Production of polymer products

Polymer melts are used for the production of polymer products by injection moulding, and for the production of foils or fibres. The melts can be classified on the basis of their viscosities and flow behaviour depending on the temperature, their chemical structure, and the level of polymerisation. Melt filter systems ensure that polymer melts entering processing machines are free of particles and gels. This prevents defects in the finished products. Seebach is the market leader in the design of customized and product-specific melt filter systems and their optimum adaption to existing production plants. We produce filter candles, filter discs, and complete melt filter systems. Problems with gels are solved by specially adapted depth filter systems.

John Crane has first-class references in the field of high-performance polymers. Our Seebach product design and construction experts produce optimum filter systems without dead zones and lengthy dwell times.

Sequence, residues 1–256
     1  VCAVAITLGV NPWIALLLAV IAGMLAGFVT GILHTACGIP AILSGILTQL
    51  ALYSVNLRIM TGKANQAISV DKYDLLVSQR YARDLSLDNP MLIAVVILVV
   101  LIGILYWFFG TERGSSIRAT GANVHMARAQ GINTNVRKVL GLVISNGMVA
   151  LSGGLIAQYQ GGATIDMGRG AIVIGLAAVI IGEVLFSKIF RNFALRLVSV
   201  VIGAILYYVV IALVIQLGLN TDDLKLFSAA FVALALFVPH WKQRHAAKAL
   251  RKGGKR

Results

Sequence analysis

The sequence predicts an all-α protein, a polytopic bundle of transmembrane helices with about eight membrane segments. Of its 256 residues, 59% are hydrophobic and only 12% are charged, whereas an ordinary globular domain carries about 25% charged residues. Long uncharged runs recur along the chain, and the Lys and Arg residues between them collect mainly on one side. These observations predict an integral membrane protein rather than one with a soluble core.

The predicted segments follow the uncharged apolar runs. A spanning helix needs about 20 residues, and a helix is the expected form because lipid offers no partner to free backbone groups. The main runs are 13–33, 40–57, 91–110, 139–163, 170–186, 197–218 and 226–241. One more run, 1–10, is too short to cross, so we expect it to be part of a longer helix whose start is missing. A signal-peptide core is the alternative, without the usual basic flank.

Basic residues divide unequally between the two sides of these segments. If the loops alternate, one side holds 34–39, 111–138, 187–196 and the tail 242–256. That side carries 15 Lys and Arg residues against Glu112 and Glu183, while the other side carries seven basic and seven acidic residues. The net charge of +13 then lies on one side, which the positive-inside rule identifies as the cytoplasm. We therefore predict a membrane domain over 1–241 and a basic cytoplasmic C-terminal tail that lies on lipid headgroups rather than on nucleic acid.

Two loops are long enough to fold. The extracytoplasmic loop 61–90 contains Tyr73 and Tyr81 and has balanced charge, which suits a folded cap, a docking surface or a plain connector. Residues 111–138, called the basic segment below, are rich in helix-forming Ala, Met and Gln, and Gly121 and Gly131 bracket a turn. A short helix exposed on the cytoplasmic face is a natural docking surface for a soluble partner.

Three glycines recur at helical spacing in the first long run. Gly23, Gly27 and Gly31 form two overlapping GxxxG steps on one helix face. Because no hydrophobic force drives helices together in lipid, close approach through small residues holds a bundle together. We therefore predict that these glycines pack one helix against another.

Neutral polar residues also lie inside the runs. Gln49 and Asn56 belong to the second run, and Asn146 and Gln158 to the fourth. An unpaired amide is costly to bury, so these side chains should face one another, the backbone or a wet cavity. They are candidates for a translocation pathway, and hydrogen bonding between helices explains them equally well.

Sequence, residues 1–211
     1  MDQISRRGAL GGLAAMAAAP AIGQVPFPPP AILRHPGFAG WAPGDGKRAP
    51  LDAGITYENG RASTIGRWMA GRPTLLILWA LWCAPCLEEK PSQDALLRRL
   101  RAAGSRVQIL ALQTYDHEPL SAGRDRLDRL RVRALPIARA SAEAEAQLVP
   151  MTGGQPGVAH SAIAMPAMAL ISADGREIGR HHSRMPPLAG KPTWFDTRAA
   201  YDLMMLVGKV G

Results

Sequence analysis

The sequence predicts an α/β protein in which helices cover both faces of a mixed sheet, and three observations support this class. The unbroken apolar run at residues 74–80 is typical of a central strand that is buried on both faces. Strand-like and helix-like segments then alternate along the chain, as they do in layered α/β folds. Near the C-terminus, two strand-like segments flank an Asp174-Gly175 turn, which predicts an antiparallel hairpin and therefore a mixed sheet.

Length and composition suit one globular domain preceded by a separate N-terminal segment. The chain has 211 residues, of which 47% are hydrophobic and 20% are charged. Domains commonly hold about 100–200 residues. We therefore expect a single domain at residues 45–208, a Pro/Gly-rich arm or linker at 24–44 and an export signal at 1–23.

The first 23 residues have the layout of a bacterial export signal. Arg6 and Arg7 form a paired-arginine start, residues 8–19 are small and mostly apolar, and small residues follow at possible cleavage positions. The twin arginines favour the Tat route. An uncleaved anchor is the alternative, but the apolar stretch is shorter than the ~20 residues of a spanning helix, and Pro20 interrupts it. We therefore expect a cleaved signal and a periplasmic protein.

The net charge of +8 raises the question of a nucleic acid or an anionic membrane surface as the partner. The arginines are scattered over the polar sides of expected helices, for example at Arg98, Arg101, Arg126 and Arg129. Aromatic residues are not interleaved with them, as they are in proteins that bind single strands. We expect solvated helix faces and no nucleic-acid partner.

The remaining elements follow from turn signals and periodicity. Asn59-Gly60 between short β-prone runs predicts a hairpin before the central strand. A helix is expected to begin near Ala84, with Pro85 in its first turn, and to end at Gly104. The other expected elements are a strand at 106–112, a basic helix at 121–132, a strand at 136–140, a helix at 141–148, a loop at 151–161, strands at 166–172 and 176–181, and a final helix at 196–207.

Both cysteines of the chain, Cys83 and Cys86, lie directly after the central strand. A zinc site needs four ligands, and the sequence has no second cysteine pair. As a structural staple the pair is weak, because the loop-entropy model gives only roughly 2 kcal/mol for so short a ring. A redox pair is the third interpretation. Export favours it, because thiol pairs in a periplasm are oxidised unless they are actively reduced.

The John Crane Seebach product line includes:

Filter Candles / Cartridges are cylindrical filter elements with flat or pleated media. Filter candles and filter cartridges are used in almost all applications in the industrial solid-liquid separation, particular the polymers industry.

Leaf Discs are used in catalyst recovery and deployed mainly in the plastic melt technology. A filter disc is welded and available in three hub designs: hard hub, semi-hard hub and soft hub.

Filter Discs are flat, with sealed edges, single or multilayer packages of filter media. These are used essentially as “screens” in a line, e.g. in the melt filtration in so-called screen changers.

Melt Filters are especially large area filters designed for the processing of plastic melts. They are used for high pressures and high temperatures to clean plastic melts of gels, degenerated material and debris.